Japanese PM Shinzo Abe keen to boost ties with Myanmar
Japanese leader seeks an edge over China by becoming his country's first prime minister to visit the former rogue state since 1977
Shinzo Abe arrives in Myanmar today for a three-day visit intended to boost trade between the countries, the first time a Japanese leader will have visited the country in more than 35 years.
With China's influence over the democratic Myanmese government slipping, Japan is hoping to develop economic and security ties.
Abe is keen to increase dialogue on regional affairs and security issues, an area that Beijing is likely to be monitoring closely, particularly given that three Maritime Self-Defence Force ships are scheduled to make a port call in Myanmar in October.
In January, Taro Aso, the deputy prime minister, pledged to ease the 500 billion yen (HK$37.73 billion) that Myanmar owes Japan and offered to provide an additional 50 billion yen to develop a new special economic zone close to Thilawa port.
Abe is expected to go one step further with Japan's largesse and announce US$1 billion in development aid as well as a basic plan for the development of a comprehensive electric power infrastructure when he meets with President Thein Sein.
Before his departure, Abe told Kyodo News: "I will not hold back from any co-operation. Myanmar is a friend from long ago and a pro-Japanese country."
Jun Okumura, an international relations analyst with the Eurasia Group, said Japan's growing clout in the region would be welcomed by the US.
"There is a sense that Japan is getting a leg-up in the campaign for influence in Southeast Asia. This is not something that the Japanese government would explicitly say, although it's fairly obvious," he said.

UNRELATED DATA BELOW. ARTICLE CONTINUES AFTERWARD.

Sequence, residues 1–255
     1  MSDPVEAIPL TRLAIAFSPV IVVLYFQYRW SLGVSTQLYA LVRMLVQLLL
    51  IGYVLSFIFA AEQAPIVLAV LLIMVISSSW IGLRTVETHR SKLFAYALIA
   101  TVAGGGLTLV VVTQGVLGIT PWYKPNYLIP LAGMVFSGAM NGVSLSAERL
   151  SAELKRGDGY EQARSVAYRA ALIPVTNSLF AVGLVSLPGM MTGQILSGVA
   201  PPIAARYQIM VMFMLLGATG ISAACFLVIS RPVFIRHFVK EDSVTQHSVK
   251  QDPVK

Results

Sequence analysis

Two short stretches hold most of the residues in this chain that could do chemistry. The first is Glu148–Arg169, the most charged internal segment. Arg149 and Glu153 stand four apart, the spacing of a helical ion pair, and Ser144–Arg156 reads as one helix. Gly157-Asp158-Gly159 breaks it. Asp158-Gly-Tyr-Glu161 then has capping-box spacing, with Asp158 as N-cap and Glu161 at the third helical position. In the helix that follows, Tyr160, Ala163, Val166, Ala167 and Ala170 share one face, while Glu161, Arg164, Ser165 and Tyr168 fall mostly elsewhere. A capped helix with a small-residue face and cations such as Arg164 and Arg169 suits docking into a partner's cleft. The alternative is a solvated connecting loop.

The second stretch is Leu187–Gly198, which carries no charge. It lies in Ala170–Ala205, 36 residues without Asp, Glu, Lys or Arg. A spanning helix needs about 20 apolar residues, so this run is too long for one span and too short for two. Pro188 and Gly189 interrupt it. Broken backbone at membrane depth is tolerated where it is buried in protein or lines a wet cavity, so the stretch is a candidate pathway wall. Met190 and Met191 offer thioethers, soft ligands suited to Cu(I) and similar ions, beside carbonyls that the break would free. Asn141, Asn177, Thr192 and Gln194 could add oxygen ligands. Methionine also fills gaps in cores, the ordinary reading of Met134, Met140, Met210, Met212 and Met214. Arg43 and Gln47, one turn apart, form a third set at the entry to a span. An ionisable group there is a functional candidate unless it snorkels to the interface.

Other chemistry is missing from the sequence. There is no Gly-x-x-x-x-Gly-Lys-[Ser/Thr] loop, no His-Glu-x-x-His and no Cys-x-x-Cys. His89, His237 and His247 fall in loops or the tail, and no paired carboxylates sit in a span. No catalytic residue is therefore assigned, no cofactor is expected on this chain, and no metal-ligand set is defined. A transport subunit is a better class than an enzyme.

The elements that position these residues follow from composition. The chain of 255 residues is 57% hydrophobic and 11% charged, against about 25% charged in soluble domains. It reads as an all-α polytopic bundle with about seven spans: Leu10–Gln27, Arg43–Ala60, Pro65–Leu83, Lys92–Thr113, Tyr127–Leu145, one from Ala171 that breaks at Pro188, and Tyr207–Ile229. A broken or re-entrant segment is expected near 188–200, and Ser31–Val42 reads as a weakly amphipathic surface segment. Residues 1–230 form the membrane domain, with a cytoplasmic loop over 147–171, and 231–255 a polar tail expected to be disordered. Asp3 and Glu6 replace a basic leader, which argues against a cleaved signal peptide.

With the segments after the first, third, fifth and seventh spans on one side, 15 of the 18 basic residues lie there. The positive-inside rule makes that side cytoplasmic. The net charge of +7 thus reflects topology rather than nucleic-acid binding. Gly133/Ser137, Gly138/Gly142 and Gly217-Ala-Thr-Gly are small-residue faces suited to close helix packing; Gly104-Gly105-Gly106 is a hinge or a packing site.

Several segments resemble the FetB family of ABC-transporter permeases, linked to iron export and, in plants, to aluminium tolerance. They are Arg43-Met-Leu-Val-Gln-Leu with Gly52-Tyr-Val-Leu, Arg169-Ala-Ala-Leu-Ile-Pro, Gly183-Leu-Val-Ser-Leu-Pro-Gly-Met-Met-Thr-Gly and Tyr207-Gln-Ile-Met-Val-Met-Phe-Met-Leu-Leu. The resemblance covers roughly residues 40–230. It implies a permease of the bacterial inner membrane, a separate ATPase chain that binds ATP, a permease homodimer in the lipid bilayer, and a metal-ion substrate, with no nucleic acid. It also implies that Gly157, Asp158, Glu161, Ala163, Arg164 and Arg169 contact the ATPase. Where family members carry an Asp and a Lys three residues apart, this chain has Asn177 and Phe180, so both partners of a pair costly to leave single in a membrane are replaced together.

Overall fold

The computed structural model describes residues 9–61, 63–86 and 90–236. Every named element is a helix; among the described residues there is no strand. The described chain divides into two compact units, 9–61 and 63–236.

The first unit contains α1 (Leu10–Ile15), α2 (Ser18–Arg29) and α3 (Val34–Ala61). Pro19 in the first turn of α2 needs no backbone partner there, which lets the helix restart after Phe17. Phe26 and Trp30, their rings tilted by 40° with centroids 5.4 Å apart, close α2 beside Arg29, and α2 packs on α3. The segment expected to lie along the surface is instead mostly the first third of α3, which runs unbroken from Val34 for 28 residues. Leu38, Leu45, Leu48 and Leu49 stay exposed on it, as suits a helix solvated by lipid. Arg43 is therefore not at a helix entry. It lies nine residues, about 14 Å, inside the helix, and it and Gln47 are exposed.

Abe will be travelling with an entourage of representatives of 30 of Japan's largest companies, with the proposals for the electricity project grabbing the headlines. This sector is considered ripe for Japanese investors, which have off-the-shelf technology that can be applied to a country that has struggled to introduce a comprehensive system as a result of the international embargoes imposed on the former ruling military junta. Telecommunications giants Sumitomo Corp, NEC and NTT announced this week that they had signed a contract with Myanmar to construct an optical fibre-based telecom network to link the nation's three largest cities, while Japan Post Co's postal management system is also to be transplanted into Myanmar.
Other areas in which Myanmar has requested Japan's assistance are vocational training and agricultural education.
In return, Japan will call on the government to follow through with reforms and promote national reconciliation with ethnic minorities.
The timing of the Japanese leader's visit is significant, it has been pointed out, with this weekend previously set aside for a three-way summit between China, South Korea and Japan. Shortly after Abe confirmed that he would take part in the talks, Beijing requested that they be delayed because of the continuing dispute over the sovereignty of the Senkaku islands, which China claims as the Diaoyus.
Abe moved quickly to visit Myanmar, becoming the first Japanese leader to do so since Takeo Fukuda in August 1977.
"Until recently, Myanmar has been a military dictatorship and they had little choice about who they did business with, which is why they were friendly with China," said Okumura.
"But China tends not to have good relations with its neighbours and these other countries are always wary about border clashes - as we have seen recently with India, Vietnam, the Philippines and so on," he added.